Wings of the Spirit has roots in Journey Church of Central, where its founders worship. But the ministry is open to all faiths. If you would like to know more about the organization, make a donation, or view videos of recent mission trips and relief projects, visit the website at If you would like to serve as a volunteer, call Williams at (225) 773-4009.

“I don’t know what the future holds,” Williams said. “I just know that when we let the Holy Spirit lead the way and guide us along the journey, amazing things happen.”

Recipients find comfort in the Bible and a helping hand from the ‘Wings of the Spirit” Ministry.
Sharing with others and praying with people is very important to the team .
Faith Life, September 2018

S.T.A.R.S. Local Pilots Teach Kids to Soar

The rainy morning did not stop the flights!
Pastors Alber and Adraine White of Abounding Love Ministries, Inc. is the church behind the S.T.A.R.S. Camp.
The Kids enjoyed the experience.
Most were all smiles, some flying for the first time.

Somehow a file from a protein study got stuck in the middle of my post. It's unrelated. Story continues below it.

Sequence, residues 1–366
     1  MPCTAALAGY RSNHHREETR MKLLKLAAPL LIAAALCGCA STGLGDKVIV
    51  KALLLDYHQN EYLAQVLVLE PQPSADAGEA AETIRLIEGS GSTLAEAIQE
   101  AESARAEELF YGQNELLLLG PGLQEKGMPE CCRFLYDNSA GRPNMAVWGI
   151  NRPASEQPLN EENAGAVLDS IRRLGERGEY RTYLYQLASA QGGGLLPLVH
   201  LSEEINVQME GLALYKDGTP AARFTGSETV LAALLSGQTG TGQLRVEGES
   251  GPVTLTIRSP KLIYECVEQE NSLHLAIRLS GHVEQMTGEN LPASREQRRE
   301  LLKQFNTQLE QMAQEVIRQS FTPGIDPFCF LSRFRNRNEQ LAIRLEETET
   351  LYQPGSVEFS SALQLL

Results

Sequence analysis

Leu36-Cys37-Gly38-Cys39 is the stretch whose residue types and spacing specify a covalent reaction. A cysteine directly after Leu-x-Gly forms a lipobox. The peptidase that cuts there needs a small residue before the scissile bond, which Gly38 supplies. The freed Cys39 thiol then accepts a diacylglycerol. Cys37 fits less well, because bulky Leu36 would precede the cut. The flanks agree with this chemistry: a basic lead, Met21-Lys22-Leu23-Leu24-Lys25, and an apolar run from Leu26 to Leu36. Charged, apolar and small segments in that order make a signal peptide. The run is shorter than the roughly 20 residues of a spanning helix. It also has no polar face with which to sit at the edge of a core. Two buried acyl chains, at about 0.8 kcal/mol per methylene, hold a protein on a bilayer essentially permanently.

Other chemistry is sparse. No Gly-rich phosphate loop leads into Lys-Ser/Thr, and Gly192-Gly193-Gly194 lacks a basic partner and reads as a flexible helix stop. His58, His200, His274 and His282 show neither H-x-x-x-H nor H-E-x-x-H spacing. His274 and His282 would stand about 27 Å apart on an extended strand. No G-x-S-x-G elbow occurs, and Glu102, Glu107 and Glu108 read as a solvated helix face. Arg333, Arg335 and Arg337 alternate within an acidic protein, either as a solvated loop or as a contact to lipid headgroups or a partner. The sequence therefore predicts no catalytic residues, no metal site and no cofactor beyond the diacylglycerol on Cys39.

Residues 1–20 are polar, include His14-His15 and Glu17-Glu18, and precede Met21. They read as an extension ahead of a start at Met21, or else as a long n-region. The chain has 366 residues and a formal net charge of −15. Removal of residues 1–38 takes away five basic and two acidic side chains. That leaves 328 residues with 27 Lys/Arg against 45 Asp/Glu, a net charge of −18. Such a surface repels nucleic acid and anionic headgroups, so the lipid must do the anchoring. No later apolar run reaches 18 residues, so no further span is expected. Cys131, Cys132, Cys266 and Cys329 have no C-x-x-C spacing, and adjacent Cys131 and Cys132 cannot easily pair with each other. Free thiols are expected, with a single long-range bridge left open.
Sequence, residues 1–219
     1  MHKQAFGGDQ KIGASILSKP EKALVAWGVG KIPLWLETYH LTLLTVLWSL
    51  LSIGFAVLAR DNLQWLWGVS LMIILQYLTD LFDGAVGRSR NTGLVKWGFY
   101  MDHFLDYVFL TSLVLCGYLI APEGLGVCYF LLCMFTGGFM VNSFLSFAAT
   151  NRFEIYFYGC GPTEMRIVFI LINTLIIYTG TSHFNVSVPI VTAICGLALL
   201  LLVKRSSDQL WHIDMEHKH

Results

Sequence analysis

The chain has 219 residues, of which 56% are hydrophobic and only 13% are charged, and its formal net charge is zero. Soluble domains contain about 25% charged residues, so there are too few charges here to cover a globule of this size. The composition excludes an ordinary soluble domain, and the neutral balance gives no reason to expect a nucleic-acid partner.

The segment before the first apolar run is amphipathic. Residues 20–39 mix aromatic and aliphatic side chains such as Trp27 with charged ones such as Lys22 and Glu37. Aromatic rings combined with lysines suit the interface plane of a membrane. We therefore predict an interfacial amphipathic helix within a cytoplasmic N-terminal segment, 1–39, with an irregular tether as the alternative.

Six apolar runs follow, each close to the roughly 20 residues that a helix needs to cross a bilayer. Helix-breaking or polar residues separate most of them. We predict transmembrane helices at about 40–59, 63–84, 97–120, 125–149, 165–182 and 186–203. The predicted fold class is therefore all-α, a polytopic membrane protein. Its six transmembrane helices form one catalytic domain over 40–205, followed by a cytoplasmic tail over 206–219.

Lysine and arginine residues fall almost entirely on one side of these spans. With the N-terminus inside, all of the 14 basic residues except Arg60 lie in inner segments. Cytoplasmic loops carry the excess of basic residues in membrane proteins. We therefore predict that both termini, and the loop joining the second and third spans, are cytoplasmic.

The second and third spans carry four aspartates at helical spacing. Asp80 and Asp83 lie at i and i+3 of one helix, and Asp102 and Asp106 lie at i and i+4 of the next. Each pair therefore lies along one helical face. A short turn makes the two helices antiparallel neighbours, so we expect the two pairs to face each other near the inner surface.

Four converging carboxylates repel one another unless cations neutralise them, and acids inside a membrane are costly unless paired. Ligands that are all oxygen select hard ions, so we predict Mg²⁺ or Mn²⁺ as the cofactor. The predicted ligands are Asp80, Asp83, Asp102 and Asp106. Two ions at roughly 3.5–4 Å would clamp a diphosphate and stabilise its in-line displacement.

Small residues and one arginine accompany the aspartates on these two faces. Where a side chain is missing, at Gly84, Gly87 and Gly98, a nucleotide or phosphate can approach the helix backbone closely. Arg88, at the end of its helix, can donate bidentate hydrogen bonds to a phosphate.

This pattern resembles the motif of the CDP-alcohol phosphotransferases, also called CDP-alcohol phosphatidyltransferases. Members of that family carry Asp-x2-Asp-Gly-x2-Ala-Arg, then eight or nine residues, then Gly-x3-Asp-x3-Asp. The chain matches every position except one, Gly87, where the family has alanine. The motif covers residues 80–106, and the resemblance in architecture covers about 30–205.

The leaders had as much fun as the children.
Right after the flight!
Pilots Gabriel Rincon, Albert Rutherford, Edgar Blevins, and Scott Barrow gathered to support the aviation education through the S.T.A.R.S. program. (Smith Thomas not pictured)

S.T.A.R.S: Local Pilots Teach Kids to Soar

On a steamy morning, a small plane taxies onto a runway at Baton Rouge Metro Airport. An elementary school-age youth climbs out of a passenger’s seat. “I was flying!” he says.

It’s a lesson in courage and trust that local pastors and pilots hope will inspire a new generation to think beyond the ordinary – to explore limitless possibilities.

Five local pilots recently volunteered to take kids on their first flights – an aerial tour of the Mississippi River, the state capitol grounds, LSU and Southern University. The excursion marked the end of an eight-week S.T.A.R.S. course in aviation basics with a Biblical application. For 14 years, S.T.A.R.S. (Students That Are Reaching Success) has employed a no-boundaries approach to teach kids to soar spiritually as they excel academically.

S.T.A.R.S. founder Albert White of Abounding Love Ministries, with the support of pastor/wife Adraine, partners with the YMCA and BREC to provide education, enrichment experiences and recreation every Saturday, plus an eight-week summer camp at Saia Park on North Donmoor Avenue. During the academic year, they also offer after-school tutorials and preparation for standardized tests along with instruction in social skills and strategies for coping with challenging life situations.